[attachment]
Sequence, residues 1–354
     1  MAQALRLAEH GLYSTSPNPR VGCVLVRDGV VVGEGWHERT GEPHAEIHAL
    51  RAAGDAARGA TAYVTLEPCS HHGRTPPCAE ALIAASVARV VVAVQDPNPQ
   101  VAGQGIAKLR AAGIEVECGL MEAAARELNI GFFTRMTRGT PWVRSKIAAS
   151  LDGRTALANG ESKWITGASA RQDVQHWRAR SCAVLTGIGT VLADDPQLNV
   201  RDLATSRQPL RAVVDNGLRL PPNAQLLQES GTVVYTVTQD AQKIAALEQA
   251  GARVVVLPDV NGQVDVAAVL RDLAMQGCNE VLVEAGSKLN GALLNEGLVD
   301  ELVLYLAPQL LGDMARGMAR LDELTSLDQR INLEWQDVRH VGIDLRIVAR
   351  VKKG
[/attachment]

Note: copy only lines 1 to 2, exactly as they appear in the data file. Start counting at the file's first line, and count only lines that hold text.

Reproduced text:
Sequence, residues 1–354
     1  MAQALRLAEH GLYSTSPNPR VGCVLVRDGV VVGEGWHERT GEPHAEIHAL